It's a little past 8:30 p.m. on a weekday on the Warner Bros. lot and on the set of his talk show, Rove LA, host Rove McManus has one very important question: "Is any of this show going to make it to the telly?"
His show has already been taping for more than an hour, but it's a fair question. That's because this is the first time the Australian native has to deal with the c-word: censors. Season 2 — which premieres Saturday at midnight/11c on TV Guide Network with guests Russell Brand, Adam Lambert and 30 Rock's Kristen Schaal — marks the first time Rove LA will air new episodes in the U.S. McManus is still figuring out just what he can get away with here in the states.
"One of the things I like being is honest and real," he tells TVGuide.com of why he enjoys pushing the boundaries. "Rather than just try to find a way around it, we turn it into a segment on the show — let's just test now what we can and can't say. That's one of the other things that hopefully makes our show a little bit different. [We can] be very open to the audience about it ... even if something is going drastically wrong."
McManus comes to American audiences for the first time after having already made quite the name for himself in Australia. From 1999-2009, McManus hosted the popular variety show Rove (later known as Rove Live) and built his reputation as the Jay Leno of Australia. In 2011, he decided to head west and film a new show for Australian audiences from Los Angeles. "We would have guests on the show who would always say what a great experience this was and how they wish there was something like this back home," he says.
By moving to Hollywood McManus hoped for an influx of bigger talent. "When we first arrived, we hadn't really told anybody that that was part of the reason ... because we weren't sure we would get them. It's different when you're the big fish in the small pond," he says. "Coming to Los Angeles, I realized there are a lot of other talk shows here and a lot of them have a lot more experience and cache then we do. We are suddenly a lot further down the totem pole."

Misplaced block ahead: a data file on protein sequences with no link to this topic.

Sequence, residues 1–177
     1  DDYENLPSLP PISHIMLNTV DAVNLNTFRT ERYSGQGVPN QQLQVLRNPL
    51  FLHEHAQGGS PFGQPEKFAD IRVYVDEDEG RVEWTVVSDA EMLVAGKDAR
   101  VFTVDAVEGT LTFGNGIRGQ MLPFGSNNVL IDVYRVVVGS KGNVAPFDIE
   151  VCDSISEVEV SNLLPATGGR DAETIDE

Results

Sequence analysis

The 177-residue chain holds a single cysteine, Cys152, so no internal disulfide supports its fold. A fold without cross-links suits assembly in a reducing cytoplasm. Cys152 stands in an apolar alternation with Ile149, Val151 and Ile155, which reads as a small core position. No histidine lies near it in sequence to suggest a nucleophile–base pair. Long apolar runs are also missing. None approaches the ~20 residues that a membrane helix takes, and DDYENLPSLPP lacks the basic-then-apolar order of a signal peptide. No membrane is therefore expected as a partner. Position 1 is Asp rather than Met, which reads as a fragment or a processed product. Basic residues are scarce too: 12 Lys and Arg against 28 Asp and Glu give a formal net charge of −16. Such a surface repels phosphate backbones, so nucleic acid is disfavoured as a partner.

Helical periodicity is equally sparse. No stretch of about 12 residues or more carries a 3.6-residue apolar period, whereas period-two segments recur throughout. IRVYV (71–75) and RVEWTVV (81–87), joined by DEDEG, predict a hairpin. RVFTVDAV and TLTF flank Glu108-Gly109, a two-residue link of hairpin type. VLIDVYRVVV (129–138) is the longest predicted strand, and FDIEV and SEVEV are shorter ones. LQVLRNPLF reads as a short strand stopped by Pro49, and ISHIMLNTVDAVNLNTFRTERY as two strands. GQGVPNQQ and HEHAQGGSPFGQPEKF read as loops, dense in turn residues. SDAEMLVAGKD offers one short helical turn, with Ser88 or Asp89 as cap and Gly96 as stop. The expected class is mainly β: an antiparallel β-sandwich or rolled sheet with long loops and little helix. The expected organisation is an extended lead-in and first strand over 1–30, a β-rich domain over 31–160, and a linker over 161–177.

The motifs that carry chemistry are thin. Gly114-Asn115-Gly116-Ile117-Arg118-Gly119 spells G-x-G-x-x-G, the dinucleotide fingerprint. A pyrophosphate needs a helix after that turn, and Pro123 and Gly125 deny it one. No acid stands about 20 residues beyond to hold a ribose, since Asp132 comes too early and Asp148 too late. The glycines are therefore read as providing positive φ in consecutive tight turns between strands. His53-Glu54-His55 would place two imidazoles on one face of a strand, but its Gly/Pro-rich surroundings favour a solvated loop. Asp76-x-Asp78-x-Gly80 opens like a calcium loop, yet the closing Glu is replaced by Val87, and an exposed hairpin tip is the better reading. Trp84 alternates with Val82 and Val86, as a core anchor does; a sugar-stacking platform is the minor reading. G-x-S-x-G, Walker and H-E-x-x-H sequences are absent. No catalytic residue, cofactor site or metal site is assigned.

Luckily, McManus didn't have much to worry about. The first season of Rove LA attracted big name guests includin Steve Carell, Eva Longoria and Justin Timberlake among many others, and TV Guide Network soon came calling about airing the upcoming second season of the show. "It's a fantastic opportunity and I'm very, very grateful for it," he says. "It's also mainly for the guests themselves, who would come on the show and have such a great time and want to tell people to watch it."
Part of the appeal for celebrity guests lies in Rove LA's unusual set-up. Unlike most American late-night shows, all three guests are on stage for the entire show. But instead of just talking to the host, all three sit together on a couch and chat with each other, as well as McManus. The idea for the format came straight from his experiences working on his former show. "I would see an incredible crossover of guests backstage. I saw John Travolta walk into a room and see The Wiggles and lose his mind because his kids are fans," he says. "I've seen KISS in full make-up clamoring to get a photo with Sir Anthony Hopkins. It's moments like this that happen backstage that you would never see happen onstage. So, the idea was to bring that green room, backstage feel onto the set."
It also helps that the guests are allowed to drink alcohol during the show. "Part of me was thinking, 'If they're this comfortable off-camera, they can surely be this comfortable on-camera if we strip away the pressure of feeling like you're sitting down to an exam about yourself that you haven't studied for," he says.
However, less pressure for the celebrity guests means more pressure on the live studio audience. Not only does the audience have to bring lots of energy — there is no applause sign or laugh track — but audience members are also frequently invited to participate via gags like the audience suggestion box. "It keeps it completely unpredictable," McManus says. "The best way to make sure you don't know what's happening next is to go to someone who has no involvement with the show. That's the audience. Someone can tweet from home about not liking their husband's beard and we can talk about it, but if the guy's actually in the room, we can shave it off and that makes for better television."
It's this unpredictability McManus hopes will help Rove LA stand out from the Lenos, Lettermans, Kimmels and other late-night hosts. "You couldn't switch on our show at any point and know exactly what's going to happen," he says. "And that's what I love about it."
The new season of Rove LA premieres on Saturday, Oct. 6 at midnight on TV Guide Network.
Get a sneak peek at ankle-licking fun here:
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